Is donated clothing the answer to an oversupply of apparel no one wants?

This article, “The Fashion Industry’s Carbon Impact is Bigger Than the Airline Industry’s”, appeared in my Business of Fashion feed today, and it really set me off. Not because I disagree with the headline, but because I quite disagree with the proposed solutions to the problem.

In my business, part of my continuing question — it might not appear that way to the outsider — is how to create high-quality garments at a price that’s within the reach of more people. The article is talking about what I will call “trickle-down” supply as the solution to the glut of discarded apparel, which makes everyone who isn’t better off dependent on the “wealthy”. Which really sucks! It would seem that the people writing these sorts of articles have no idea how what they are prescribing to “fix” the planet affects anyone else. It just sounds — and feels — great: helping the planet by donating cast-off clothing to the less fortunate. The fact is, donated clothing diminishes the market for anyone who actually makes clothing for a living. Just go to Africa. Besides, as my much older post above discusses, part of the problem in the industry is all about fit — physical fit for our now larger average demographic (not all of which is due to obesity!), lifestyle fit, and a desire for better clothing all around.

My point is, do we all want to be relegated to buying the castoffs of the better off??? Is that really such a wonderful model? And is this actually going to meet most people’s needs? I’m afraid that it’s just more virtue signaling.

The related issue is that, in fact, I don’t believe the problem is so much at the higher end of the market — leaving aside the destruction of millions of dollars worth of luxury garments so that they can’t be sold at a discount — I believe the bulk of the problem is actually at the lower end, where clothing is designed intentionally to be purchased and quickly cast-off, either due to fashion changes or cheaply-made product (cheap textiles cheaply made) or both. I would argue that that is what ends up in the dumps of the world, which includes a lot of donated product shipped at fair cost overseas only to be thrown away there, too.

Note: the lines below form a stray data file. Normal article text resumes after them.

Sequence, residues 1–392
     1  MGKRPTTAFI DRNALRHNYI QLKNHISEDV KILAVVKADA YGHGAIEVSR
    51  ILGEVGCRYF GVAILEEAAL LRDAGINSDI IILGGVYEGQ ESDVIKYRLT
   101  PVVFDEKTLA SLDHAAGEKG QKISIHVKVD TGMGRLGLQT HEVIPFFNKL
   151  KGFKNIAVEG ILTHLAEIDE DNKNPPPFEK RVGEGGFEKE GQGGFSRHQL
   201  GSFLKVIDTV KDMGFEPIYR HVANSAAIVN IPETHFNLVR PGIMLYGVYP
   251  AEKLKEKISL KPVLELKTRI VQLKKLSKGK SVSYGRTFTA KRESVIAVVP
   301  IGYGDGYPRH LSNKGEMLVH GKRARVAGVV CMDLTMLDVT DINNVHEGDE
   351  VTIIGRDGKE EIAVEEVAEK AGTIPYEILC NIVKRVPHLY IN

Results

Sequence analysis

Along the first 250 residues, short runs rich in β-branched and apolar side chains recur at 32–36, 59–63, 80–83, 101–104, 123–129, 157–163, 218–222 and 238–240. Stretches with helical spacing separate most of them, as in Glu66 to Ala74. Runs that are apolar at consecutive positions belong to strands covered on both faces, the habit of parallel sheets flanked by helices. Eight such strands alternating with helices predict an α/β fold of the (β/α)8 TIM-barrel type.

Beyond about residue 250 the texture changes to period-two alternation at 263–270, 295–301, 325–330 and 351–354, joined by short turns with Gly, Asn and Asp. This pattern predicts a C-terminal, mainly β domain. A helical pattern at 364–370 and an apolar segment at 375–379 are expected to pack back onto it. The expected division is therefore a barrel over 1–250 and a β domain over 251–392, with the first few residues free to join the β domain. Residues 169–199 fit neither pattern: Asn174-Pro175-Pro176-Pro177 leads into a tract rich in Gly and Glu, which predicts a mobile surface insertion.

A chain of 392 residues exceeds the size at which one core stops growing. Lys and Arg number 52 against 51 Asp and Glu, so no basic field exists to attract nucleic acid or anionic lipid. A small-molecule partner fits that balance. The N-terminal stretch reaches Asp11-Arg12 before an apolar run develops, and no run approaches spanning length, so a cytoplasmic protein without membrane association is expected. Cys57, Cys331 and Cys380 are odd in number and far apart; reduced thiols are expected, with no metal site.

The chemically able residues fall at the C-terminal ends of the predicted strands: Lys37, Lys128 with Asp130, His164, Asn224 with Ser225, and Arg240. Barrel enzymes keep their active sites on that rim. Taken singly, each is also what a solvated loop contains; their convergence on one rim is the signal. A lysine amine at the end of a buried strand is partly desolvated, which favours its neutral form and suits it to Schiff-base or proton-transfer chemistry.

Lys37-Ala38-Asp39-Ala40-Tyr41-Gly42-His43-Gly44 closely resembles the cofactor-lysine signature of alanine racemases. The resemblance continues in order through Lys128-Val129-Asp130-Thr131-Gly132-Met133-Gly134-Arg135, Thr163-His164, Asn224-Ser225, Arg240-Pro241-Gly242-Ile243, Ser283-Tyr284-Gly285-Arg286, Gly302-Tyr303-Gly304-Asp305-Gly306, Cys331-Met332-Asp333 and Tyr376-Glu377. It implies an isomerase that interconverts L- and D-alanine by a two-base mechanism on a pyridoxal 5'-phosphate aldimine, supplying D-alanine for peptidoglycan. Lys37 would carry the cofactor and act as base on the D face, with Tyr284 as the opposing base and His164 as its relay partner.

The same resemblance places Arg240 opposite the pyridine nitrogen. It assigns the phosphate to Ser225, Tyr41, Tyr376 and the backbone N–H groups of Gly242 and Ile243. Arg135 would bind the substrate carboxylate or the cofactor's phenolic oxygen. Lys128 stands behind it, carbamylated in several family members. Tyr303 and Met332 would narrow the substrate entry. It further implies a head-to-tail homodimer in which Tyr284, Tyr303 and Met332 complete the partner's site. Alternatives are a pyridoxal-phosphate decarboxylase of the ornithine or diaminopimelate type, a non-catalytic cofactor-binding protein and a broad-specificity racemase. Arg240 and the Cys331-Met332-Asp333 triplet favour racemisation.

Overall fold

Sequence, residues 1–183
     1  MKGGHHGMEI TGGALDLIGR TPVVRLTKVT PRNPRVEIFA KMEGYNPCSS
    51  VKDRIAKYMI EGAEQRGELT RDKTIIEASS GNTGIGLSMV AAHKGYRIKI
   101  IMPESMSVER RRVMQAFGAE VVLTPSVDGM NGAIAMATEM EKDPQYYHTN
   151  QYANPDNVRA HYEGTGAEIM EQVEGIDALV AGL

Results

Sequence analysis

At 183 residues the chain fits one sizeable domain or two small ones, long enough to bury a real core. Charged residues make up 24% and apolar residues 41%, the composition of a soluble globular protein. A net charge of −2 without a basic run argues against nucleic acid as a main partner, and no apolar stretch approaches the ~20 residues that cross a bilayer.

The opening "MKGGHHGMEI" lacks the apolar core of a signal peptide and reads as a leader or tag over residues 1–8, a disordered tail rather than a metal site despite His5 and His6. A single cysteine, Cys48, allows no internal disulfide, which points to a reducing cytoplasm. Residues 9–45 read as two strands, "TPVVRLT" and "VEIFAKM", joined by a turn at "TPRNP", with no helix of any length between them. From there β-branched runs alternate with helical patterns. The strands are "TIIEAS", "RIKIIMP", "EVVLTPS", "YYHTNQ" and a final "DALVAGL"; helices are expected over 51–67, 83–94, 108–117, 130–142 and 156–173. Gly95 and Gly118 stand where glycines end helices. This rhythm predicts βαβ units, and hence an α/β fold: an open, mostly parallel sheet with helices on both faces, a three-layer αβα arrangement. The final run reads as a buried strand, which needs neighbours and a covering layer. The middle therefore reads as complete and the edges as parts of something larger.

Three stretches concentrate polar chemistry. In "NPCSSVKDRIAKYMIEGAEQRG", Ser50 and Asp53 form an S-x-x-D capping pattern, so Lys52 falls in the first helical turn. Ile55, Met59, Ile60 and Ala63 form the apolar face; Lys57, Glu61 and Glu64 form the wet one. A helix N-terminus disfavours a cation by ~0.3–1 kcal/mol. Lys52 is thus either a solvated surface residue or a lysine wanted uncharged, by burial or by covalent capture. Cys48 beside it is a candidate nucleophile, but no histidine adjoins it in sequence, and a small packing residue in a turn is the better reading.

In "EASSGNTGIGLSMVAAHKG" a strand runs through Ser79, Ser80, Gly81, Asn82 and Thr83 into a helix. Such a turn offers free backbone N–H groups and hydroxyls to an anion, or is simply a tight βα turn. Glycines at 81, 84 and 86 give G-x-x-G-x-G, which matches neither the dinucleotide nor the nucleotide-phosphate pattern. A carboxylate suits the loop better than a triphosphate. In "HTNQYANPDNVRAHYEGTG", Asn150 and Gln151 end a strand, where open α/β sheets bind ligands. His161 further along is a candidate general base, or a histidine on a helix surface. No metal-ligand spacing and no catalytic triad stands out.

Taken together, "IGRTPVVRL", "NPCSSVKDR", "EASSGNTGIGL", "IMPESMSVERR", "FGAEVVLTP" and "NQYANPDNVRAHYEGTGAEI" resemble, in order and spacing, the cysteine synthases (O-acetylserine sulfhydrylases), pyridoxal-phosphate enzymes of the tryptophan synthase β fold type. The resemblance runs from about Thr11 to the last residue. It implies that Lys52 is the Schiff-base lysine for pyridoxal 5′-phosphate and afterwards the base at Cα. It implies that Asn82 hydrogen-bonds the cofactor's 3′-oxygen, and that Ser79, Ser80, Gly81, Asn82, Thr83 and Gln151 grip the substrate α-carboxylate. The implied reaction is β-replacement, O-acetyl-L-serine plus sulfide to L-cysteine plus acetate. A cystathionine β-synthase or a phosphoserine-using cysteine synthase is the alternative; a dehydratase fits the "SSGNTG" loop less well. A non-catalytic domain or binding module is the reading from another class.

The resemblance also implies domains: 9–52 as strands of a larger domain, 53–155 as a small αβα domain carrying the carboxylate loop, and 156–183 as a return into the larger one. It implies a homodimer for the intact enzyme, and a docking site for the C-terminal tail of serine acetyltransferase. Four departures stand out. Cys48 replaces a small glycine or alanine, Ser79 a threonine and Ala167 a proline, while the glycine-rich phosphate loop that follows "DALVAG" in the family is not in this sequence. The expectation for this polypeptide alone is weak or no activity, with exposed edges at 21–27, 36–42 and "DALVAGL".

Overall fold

In either case, this makes a lot of money for the business owners (that’s what business does, it creates product people want and adds value and jobs along the chain), but odds are the owners don’t wear the cheap product they produce. And yes, this makes clothing more “affordable”, but can’t a higher price be justified by a better product? I suppose, however, that that’s not really the point, anyway, because if people buy less, then other people earn less (but not necessarily) and the process becomes more cyclical and less one of continuous buying.

Nonetheless, I come back to my first point, that this has been a question for me all along in how I’ve thought about my business: decrease overhead, and simplify as and where I can, but work on keeping the product at a level of quality and cost that is more affordable, so that a garment can be enjoyed for a long time and maybe even passed on. That is real sustainability.

Come talk to us about your personal apparel issues and let us solve them for you, and provide you with a genuinely sustainable garment!

Who we are NOT?

This was a great article by Tim Gunn, of Project Runway fame, concerning the fact most -- virtually ALL -- designers are actively ignoring most of the women's market. 

https://www.washingtonpost.com/posteverything/wp/2016/09/08/tim-gunn-designers-refuse-to-make-clothes-to-fit-american-women-its-a-disgrace/?postshare=9781473384657796&tid=ss_fb-bottom&utm_term=.557264590905

Having said that, this is emphatically NOT us, at Philip Sawyer Designs. Please read his scathing commentary, and then make an appointment to come and see us about your clothing needs. We will be very happy to accomodate you, and as we say, "make you look better than you are"!